Bayer’s Consumer Health Division Announces Results of a Clinical Research Study Evaluating Naproxen Sodium Versus a Combination Opioid in Post-Surgical Acute Dental Pain

WHIPPANY, NJ, December 17, 2021 /PRNewswire/ — Bayer Consumer Health Division today announced its clinical research study, “Analgesic Efficacy of Naproxen Sodium Compared with Hydrocodone/Acetaminophen in Acute Post-Surgical Dental Pain: A Randomized, Double-Blind, Placebo-Controlled Trial” was published online in the Postgraduate Medicine newspaper.

Aleve® is an over-the-counter pain reliever indicated for the temporary relief of minor pain, including minor arthritis pain, headaches, muscle aches and toothaches. The single dose study found that in the treatment of moderate to severe postsurgical dental pain, a single dose of non-prescription naproxen sodium 440mg (NapS) was at least as effective at 0-4 hours and better tolerated than a single dose of an opioid combination of hydrocodone plus acetaminophen 10/650 mg (HYD+APAP). This class of drugs is known to have the potential for abuse and addiction.1

Overall, in a single dose study, NapS was as effective as HYD + APAP for 0-4 hours, and longer lasting. NapS was found to meet the endpoints of reduction in pain intensity over 12 hours (primary endpoint; p=0.01), total pain relief over 6 and 12 hours (p

“We sought to understand how NapS compares to a common opioid combination in dental pain. We were pleased that the results showed that NapS worked as well as in the study,” said Charlene Ng, Acting Head of Medical Affairs for North America, Bayer Consumer Health. “Knowing that NSAIDs are generally recommended as the first line of defense after dental procedures, we wanted to see how a dose of NapS directly compares to a dose of a commonly prescribed opioid combination. The study showed positive results which can serve as valuable information for dental professionals when determining the appropriate treatment for their patients.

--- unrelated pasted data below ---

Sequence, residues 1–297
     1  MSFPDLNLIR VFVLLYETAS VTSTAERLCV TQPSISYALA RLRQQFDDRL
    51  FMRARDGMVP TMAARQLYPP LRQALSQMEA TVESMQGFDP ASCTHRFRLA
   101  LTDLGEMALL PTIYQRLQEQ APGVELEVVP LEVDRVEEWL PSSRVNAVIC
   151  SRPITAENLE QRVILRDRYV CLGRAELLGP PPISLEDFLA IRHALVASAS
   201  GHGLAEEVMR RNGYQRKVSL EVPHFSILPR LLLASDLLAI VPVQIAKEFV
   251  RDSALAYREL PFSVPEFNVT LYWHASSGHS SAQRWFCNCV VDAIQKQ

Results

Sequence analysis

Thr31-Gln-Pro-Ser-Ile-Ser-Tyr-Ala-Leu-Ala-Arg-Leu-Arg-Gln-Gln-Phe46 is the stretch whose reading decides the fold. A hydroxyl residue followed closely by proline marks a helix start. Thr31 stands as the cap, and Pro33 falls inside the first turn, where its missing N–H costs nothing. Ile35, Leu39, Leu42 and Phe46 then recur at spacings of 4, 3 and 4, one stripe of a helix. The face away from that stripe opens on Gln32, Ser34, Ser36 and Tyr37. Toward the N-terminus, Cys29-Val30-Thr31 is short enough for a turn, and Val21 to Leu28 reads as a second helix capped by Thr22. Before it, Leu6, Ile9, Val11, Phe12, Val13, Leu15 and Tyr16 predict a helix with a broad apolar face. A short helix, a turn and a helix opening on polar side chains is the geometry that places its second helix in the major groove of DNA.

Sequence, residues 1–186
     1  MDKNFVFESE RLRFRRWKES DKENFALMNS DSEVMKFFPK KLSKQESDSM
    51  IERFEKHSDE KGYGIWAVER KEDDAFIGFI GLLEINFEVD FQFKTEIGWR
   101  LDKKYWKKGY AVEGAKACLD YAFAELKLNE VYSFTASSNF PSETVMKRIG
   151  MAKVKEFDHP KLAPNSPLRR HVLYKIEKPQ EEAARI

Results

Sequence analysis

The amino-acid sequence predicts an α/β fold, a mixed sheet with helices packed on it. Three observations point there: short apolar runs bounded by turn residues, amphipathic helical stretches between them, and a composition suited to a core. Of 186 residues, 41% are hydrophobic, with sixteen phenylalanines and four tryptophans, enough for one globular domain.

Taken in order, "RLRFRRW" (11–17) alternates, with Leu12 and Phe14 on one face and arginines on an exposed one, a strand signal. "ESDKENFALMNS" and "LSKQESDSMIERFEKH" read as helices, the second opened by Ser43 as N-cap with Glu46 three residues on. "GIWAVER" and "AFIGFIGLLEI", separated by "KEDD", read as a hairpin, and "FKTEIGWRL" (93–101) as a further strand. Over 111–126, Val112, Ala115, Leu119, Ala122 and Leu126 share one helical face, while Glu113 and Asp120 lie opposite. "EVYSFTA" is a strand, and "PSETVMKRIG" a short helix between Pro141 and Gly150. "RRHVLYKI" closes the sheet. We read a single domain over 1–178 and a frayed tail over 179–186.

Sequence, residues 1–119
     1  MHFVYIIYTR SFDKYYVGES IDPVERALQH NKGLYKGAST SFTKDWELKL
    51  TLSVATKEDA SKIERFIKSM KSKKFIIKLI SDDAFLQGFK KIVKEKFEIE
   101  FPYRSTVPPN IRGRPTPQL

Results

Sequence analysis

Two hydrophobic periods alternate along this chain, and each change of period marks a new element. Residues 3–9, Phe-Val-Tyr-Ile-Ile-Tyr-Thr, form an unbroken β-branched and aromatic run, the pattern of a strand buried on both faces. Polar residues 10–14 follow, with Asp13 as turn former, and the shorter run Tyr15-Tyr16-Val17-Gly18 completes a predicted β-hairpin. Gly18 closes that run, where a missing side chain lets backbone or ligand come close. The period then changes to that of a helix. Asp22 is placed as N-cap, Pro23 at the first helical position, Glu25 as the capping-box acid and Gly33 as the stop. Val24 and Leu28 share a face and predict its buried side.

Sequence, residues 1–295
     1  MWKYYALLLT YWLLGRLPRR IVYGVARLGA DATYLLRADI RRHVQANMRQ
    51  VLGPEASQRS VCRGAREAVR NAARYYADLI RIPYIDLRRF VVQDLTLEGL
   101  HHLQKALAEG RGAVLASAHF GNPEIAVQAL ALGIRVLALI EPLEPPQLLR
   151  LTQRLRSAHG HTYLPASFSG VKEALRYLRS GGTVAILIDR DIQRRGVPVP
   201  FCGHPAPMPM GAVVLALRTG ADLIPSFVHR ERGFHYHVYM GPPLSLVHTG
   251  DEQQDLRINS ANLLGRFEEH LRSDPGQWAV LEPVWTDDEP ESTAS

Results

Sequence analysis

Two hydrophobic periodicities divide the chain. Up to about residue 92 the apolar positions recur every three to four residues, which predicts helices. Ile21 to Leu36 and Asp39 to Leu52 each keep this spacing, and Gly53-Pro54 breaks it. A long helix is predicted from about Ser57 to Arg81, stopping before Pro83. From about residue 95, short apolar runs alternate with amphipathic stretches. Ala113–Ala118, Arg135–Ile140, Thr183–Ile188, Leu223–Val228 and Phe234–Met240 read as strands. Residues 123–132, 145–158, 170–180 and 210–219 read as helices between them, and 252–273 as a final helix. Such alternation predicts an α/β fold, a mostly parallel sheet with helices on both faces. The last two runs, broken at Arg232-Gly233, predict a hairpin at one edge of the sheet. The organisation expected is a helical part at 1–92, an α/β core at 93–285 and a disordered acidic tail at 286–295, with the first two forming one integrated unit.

One of the most common reasons patients seek medical attention is for pain relief.2 Prompt and effective management of acute pain is essential to minimize negative side effects and current treatment guidelines worldwide recommend that first-line treatment for all mild to moderate pain conditions in adults be oral nonsteroidal anti-inflammatory drugs (NSAIDs). and/or acetaminophen (APAP). 3-5 However, opioids, alone or in combination with other pain relievers, continue to be prescribed for pain relief. The overprescription of opioids has led to unprecedented levels of relief that have the potential for addiction.2

The results of this single-dose study demonstrate that NapS provides the same levels of pain relief between hours 0 and 4 as a commonly prescribed combination of opioids for acute postoperative pain and can be considered by clinicians when recommending appropriate analgesics for minor pain.

“This study comes at a key time, as opioid addiction and overdose deaths have been declared a public health emergency in United States2“said Dr M. Ted Wang, DDS, MHA, consultant in oral and dental integration. “In reviewing the results, the study shows that NapS may be an effective, non-addictive treatment option for those undergoing dental procedures. Data like this is critical in the ongoing effort to mitigate the use of combinations of opioids as the first line of defense for minor pain relief after dental procedures. I hope other dentists will find the results as compelling as I have.